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I have a CSV file which has a delimiter of "|" to separate the fields.

I am using the code below to read the file and put it into a List

 var reader = new StreamReader(File.OpenRead(openFileDialog1.FileName));
 List<string> list1 = new List<string>();
 List<string> list2 = new List<string>();
 List<string> list3 = new List<string>();
 List<string> list4 = new List<string>();

 while (!reader.EndOfStream)
 {
     var line = reader.ReadLine();
     var values = line.Split('|');

     list1.Add(values[0]);
     list2.Add(values[1]);
     list3.Add(values[2]);
     list4.Add(values[3]);
 }

then I'm gonna put it into a DataSet

DataSet ds = new DataSet();
ds.Tables.Add("barcode");

for (int i = 1; i < list1.Count; i++)
{
    ds.Tables[0].Rows.Add(list1[i], list2[i], list3[i], list4[i]);
}

It's all good IF the data is like this

373|A0000006-04|EACH|2600003347225  
373|A0000006-04|EACH|9556076004684  
373|A0000006-04|EACH|9556076006374  
373|A0000006-04|PK12|2600003347232  
373|A0000006-04|PK12|9556076004691  

However, some of the data might look like this

373|A0000029-01|PK12|1899886
6604250
373|A0000029-01|PK12|2652357563394
373|A0000030-01|EACH|2600001
539189
373|A0000030-01|EACH|8998866604284

As you can see, some of the data are using 2 lines. Is there any ways that I can read them as the same row instead of 2 different rows? Or do I have to put a delimiter such as a comma or semicolon in order to identify them as the same row?

share|improve this question
    
you probably have a newline in there that reader.ReadLine() is identifying, can you check the source data? –  Mr Gray Mar 26 '13 at 8:30
    
Use a CSV parsing library such as OpenCSV - no point re-inventing the wheel. –  RB. Mar 26 '13 at 8:30
1  
Multi-line CSV would notmally have double-quotes around the data with a carriage return in it, so you know where it ends, i.e. 373|A0000030-01|EACH|"2600001 (on one line) and 539189" (on the next). Without something like that, it is going to be really ambiguous. With that - I could suggest a few standard readers that'll handle that without modification. –  Marc Gravell Mar 26 '13 at 8:31
    
hmmm... so using the available library is better? I am just trying to find the best solution here... –  Digital Mar 26 '13 at 8:31
1  
@Digital quite simply, what you have at the moment is not really CSV - it is just "some random text data with delimiters". Now, if you include quotes you could use a CSV parser to handle it (as long as it allows you to specify the delimiter - most do); however... whether that will actually be the best option depends on more context. You could also tell them don't put newlines in the middle of fields. –  Marc Gravell Mar 26 '13 at 8:40

4 Answers 4

Use a library such as A Fast CSV Reader which supports all the features you need.

share|improve this answer
    
Not quite; Fast CSV Reader will want quotes for that (for the multi-line support) –  Marc Gravell Mar 26 '13 at 8:31
    
Alright... I'll look into it. I hope it's easy to understand. –  Digital Mar 26 '13 at 8:32

A List(of T) could be accessed also by index, you could add a lineCounter to your loop and if the line is composed of just one part after splitting, add the content to the previous list element. (At least the first line should be of 4 elements)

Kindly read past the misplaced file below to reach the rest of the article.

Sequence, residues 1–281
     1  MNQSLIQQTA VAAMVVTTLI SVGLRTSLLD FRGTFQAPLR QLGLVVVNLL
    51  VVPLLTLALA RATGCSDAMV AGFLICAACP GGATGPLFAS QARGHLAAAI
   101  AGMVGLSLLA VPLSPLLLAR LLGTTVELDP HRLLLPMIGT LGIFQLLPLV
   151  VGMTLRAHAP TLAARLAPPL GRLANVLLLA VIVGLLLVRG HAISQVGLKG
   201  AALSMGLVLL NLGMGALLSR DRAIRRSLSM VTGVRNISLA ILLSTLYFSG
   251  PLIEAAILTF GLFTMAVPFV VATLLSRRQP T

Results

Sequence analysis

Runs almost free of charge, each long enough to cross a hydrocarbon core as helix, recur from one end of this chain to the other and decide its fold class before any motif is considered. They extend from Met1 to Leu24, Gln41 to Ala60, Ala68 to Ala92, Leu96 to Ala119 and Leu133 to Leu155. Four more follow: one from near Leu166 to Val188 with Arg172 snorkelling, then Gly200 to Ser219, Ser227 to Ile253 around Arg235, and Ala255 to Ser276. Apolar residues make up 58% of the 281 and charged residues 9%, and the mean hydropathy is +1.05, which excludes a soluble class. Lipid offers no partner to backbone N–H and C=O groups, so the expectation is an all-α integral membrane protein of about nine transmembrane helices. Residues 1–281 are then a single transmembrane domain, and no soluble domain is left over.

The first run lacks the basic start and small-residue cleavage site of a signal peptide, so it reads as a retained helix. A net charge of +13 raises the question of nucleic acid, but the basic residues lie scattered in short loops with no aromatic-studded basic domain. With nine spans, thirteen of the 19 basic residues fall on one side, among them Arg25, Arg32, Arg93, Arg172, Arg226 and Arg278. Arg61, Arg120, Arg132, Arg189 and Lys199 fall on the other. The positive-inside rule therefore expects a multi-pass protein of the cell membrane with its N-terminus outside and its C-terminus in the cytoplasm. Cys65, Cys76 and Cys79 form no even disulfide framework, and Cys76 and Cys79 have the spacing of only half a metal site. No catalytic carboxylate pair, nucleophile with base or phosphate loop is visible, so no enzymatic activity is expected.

lineCounter = 0;
while (!reader.EndOfStream)
{
     var line = reader.ReadLine();
     var values = line.Split('|');

     if(values.Length == 1)
     {
        list4[lineCounter-1] += values[0];
     }
     else
     {
          list1.Add(values[0]);
          list2.Add(values[1]);
          list3.Add(values[2]);
          list4.Add(values[3]);
          lineCounter++;
     }

}

I have tested with sample data provided by the OP, it seems to work well.

share|improve this answer
    
This is the best answer in the question that I can see; it addresses the issue of the multi-line data in the form it occurs in the data. The pending question is: should the newline be retained or discarded in the concatenated data. Only the OP can answer that. –  Marc Gravell Mar 26 '13 at 8:43

According to CSV file specification each record should be located on separate line (you can find CSV file spec here http://www.ietf.org/rfc/rfc4180.txt). So in your case you really need to make some sort of workaround and use other separator for marking line breaks.

share|improve this answer
    
See page 2, bullet #6 of that same specification; multiline is explicitly supported in CSV. Of course, we're not really processing formal CSV here - just delimited data. Quite a difference. –  Marc Gravell Mar 26 '13 at 8:35

I've used FileHelpers Library for directly mapping to strong typed arrays. If you are working with formal CSV it will work for you.

If its just delimited data with no formal specifications, you might need some other solution.

share|improve this answer
    
The data as shown in the question is clearly not standard CSV with escaped multilines; as such, the line that applies here is "you might need some other solution" :( –  Marc Gravell Mar 26 '13 at 8:46
    
@MarcGravell Possibly fixed width is another option...FileHelpers can handle that stackoverflow.com/questions/162727/… –  jordanhill123 Mar 26 '13 at 8:49

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